Game Gear

11 May

I knew that the coming 3DS system update would add the ability to purchase classic Nintendo, Game Boy and GBA games via Nintendo’s online store. But for some reason I was unaware that it was also going to allow us to buy and play Game Gear games on our 3DSes.

My first reaction to this news was, “Yes. Yessss.” But then I thought about it some, and I’m not so sure I miss any of those Game Gear games. I think I miss the Game Gear itself.

As I’ve mentioned before, I wasn’t allowed to own any proper videogame consoles growing up; I played PC games pretty much exclusively. I say “pretty much” because my parents did allow me and my sister to have handheld game systems, a compromise that they informed us of in typically devious fashion. After refusing to let me get one for months, they suddenly gave us both Game Boys for Christmas. (I think it was for Christmas, anyway.) It was almost more than I could handle.

As excited as I was about the games I would get to play, I was even more excited about the hardware itself. The way the new plastic and the electronics smelled, the weight of the system in my hands, the layout of the buttons. The speaker on the lower-right corner, those four ‘AA’ batteries lined up in the back, giving the system some extra heft.

I also remember the Game Boy came with its own headphones. They were color-coded—I just looked them up and found a picture. I’m surprised by the level of feteshistic nostalgia I feel when I look at that picture. Those headphones were for Game Boy Use Only; they were not for Walkman (or later, Discman) use. They were for listening to the Tetris theme, over and over and over and over again.

Eventually the Game Boy lost its hold over the portable gaming market. My friend Bjorn got an Atari Lynx, a monstrous thing with reversible controls, a wide, washed-out screen and a weird selection of games. He had a game that involved flying a blue fighter jet, and I was really bad at it. But who cared? The Lynx had a color screen.

So pretty soon everyone wanted a color handheld, and in a year or so we had three choices: the Lynx, NEC’s extraordinarily overpriced but allegedly amazing TurboExpress, or the Sega Game Gear. The Game Gear seemed like the best compromise between affordability, game library and screen-awesomeness, so I decided I wanted one.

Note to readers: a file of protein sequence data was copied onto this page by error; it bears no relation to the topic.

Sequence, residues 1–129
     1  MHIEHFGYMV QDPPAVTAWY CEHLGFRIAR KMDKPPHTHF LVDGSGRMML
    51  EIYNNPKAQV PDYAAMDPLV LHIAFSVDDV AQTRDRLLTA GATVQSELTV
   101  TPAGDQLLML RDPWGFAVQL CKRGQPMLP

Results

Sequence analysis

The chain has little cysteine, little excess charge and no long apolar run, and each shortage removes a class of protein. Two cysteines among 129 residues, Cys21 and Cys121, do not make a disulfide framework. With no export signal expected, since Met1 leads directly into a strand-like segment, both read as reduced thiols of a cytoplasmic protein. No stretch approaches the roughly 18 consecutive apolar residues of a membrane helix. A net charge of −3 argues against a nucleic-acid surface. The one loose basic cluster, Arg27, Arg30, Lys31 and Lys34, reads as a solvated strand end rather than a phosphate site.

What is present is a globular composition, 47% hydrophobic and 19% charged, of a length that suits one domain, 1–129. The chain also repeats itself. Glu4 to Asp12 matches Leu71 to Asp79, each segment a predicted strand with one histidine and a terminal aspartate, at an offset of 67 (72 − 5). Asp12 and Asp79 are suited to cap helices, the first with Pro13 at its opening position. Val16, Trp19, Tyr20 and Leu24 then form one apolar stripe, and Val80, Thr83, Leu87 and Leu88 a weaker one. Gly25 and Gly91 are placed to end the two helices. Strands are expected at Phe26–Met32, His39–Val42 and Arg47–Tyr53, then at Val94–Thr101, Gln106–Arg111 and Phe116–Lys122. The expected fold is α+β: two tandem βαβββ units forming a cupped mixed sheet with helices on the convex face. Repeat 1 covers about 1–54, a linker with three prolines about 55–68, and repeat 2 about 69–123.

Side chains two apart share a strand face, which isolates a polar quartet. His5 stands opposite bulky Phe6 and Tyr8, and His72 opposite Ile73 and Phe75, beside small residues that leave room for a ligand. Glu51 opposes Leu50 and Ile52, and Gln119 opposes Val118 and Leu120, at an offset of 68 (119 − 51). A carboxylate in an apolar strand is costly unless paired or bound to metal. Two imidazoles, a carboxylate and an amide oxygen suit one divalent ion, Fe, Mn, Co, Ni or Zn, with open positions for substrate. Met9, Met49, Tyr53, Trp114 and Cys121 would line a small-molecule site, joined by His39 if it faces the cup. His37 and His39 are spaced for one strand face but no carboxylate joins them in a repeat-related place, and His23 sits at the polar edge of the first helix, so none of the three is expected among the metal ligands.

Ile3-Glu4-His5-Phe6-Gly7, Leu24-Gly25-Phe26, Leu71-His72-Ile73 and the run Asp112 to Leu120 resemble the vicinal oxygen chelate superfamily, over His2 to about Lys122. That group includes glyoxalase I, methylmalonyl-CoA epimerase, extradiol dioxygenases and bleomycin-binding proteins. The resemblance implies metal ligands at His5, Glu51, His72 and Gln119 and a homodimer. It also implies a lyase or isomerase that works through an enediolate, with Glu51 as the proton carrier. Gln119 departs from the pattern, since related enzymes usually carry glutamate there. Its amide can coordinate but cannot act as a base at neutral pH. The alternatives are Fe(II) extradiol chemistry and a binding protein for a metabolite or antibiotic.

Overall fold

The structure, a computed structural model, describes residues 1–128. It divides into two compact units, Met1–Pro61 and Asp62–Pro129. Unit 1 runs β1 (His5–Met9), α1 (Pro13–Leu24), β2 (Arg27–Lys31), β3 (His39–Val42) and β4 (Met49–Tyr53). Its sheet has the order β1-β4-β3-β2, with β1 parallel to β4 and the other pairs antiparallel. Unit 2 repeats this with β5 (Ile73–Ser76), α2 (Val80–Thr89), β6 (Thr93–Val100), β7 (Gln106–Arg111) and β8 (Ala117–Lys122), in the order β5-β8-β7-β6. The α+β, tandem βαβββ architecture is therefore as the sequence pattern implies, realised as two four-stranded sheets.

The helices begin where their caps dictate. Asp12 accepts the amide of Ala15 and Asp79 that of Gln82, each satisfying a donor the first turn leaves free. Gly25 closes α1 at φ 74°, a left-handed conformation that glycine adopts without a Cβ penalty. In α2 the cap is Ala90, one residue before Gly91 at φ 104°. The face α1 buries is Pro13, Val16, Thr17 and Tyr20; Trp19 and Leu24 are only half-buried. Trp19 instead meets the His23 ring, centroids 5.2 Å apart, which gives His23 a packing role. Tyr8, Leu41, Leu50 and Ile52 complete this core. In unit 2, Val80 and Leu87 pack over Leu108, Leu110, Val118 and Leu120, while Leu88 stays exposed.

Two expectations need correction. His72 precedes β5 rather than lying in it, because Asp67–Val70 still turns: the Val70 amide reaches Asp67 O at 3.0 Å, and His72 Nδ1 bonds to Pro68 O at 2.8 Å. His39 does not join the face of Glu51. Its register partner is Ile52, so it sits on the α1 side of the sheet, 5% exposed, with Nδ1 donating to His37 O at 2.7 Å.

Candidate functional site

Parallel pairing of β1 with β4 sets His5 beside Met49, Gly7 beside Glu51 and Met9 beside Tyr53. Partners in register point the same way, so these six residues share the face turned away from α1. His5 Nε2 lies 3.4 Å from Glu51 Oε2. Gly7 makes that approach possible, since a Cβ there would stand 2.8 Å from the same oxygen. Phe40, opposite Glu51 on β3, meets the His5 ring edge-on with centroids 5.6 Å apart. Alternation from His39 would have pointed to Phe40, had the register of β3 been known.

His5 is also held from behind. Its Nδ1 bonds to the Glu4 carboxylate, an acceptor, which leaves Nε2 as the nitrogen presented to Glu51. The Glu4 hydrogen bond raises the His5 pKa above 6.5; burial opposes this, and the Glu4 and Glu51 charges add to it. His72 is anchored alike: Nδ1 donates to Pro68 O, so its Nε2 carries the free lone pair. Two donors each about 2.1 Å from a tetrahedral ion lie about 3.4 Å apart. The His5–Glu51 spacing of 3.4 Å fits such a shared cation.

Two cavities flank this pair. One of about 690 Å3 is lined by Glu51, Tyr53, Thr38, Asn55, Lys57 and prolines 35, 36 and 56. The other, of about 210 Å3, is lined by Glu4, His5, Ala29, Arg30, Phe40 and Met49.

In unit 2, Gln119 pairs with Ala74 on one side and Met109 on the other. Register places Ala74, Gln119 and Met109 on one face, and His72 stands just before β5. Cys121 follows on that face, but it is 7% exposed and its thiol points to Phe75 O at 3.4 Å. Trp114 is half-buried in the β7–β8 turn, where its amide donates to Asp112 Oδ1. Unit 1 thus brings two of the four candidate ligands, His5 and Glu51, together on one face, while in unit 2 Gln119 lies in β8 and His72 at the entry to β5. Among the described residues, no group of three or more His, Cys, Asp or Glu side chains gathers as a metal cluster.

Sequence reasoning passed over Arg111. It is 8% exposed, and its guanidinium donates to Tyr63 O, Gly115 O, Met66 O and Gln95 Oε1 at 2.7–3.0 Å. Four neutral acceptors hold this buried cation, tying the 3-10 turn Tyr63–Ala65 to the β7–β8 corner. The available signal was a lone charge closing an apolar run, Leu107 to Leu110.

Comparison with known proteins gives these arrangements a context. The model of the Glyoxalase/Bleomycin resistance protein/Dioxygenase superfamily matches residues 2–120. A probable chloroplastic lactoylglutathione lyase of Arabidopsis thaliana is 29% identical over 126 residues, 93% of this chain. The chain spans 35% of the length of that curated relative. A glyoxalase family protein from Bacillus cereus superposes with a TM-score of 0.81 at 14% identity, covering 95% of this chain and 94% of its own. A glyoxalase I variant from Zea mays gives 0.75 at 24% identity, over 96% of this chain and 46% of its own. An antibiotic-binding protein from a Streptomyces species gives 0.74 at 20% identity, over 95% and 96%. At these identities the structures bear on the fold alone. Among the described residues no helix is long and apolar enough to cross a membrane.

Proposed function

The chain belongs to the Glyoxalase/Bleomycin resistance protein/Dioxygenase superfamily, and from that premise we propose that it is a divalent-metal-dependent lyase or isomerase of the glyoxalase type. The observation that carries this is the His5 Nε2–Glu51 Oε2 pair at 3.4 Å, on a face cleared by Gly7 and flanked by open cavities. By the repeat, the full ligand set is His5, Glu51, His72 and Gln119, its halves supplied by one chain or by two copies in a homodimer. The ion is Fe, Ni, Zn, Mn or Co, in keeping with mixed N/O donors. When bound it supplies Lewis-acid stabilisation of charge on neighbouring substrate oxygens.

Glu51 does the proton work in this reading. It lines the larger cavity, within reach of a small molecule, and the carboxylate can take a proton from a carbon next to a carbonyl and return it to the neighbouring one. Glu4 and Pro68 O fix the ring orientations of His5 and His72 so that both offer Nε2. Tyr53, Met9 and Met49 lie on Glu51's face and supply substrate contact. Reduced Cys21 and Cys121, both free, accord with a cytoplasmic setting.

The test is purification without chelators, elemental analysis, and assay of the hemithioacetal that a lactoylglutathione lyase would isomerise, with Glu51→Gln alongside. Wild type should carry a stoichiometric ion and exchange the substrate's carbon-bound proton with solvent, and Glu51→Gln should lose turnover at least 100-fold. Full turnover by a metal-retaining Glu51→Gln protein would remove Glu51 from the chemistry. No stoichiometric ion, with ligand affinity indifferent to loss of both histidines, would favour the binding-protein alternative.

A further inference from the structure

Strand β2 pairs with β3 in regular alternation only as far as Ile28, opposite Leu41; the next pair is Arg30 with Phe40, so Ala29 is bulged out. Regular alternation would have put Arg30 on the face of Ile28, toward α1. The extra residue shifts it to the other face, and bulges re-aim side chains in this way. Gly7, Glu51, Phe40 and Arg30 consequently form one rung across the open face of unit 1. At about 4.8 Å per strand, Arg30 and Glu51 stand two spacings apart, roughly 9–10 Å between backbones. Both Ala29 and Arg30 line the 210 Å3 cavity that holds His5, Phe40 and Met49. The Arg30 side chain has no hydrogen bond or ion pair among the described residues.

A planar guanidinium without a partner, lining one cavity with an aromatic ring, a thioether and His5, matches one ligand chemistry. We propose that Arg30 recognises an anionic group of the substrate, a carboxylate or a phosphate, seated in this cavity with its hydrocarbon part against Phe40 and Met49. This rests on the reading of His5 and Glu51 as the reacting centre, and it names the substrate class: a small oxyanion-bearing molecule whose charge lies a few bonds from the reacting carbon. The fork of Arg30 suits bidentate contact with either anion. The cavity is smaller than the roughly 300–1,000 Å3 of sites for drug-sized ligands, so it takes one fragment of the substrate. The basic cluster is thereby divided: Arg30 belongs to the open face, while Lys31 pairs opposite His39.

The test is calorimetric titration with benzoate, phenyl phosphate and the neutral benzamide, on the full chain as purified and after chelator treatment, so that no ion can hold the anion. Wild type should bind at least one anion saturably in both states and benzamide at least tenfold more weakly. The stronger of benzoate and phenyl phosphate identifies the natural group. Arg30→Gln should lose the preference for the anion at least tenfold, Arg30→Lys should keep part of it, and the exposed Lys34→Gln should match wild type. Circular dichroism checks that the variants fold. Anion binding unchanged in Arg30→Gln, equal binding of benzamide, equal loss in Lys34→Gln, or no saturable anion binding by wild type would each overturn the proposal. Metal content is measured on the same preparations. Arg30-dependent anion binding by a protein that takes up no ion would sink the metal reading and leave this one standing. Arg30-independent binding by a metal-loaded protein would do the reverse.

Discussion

For a long time Game Gears were prohibitively expensive, at least for me. But on a random visit to Sam’s Club with my dad, I wandered over to the electronics section. I remember thinking, “Wow, Sam’s Club has an electronics section? I thought they only sold box wine and weird extra-large sweatshirts!” As I walked through the field of vaguely sad off-brand TVs and stereo recievers, I saw a small screen glowing in the distance. Holy shit, it was a Game Gear.

A bundle package, in fact. It included a Game Gear, carrying case and two games and for more or less the list price of the baseline unit. I’m not totally sure which games came with it… I know one was Sonic the Hedgehog. I barely had the money for it, but I made the purchase right there.

I’ll never forget how awesome the Game Gear felt to hold, to play. The contours of the plastic, the grooves dug in beneath the D-Pad and the two big buttons. The odd, half-moon start button. The glowing red power light and of course, the big, glowing screen.

Sega was really into the screen. They had this (*sold separately) TV Adapter for the Game Gear that, they stressed, could turn your Game Gear into a TV!

The above image was on the box, and was featured in all of the promotional materials for the system. There was always an asterisk that read:

*Simulated Image

I have a feeling that the TV Tuner’s actual reception was less than crisp, but for me, that was unimportant. I was never, ever going to buy it.  The important thing was that simply by existing, the TV Tuner proved that the Game Gear’s screen was as good as a TV screen. For kids whose only portable gaming experience was the Game Boy, this was a big frickin deal.

I loved my Game Gear. I don’t entirely remember the games I had on it, though I do know I had Mortal Kombat. I suppose that at some point or another it was given away or it broke. I’m actually a bit troubled by the fact that I can’t remember what happened to it… maybe it’s still in a drawer at home somewhere. I doubt it.

But I am struck by how vividly I remember the way that rounded black rectangle felt in my hands, the way I would organize and lay out my game collection before traveling with it. Little things like what it was like to plug in the power adapter and how the batteries went into two separate compartments on the back, one on each side of the cartridge-tray.

I felt a sort of lonely, personal attachment to the Game Gear, because none of my friends had one. In fact, to this day I don’t believe I’ve ever even met someone who had one. None of my friends in the videogame community have ever talked about owning one. As far as I know I’m the only person in the world who ever bought a Game Gear. Maybe that’s why they were on sale at Sam’s Club.

At any rate. I don’t know if playing Game Gear games on my 3DS will bring back warm Game Gear memories any more than browsing Google Images did, but I’ll sure give it a shot. Plus Shinobi was pretty sweet, from what I remember.

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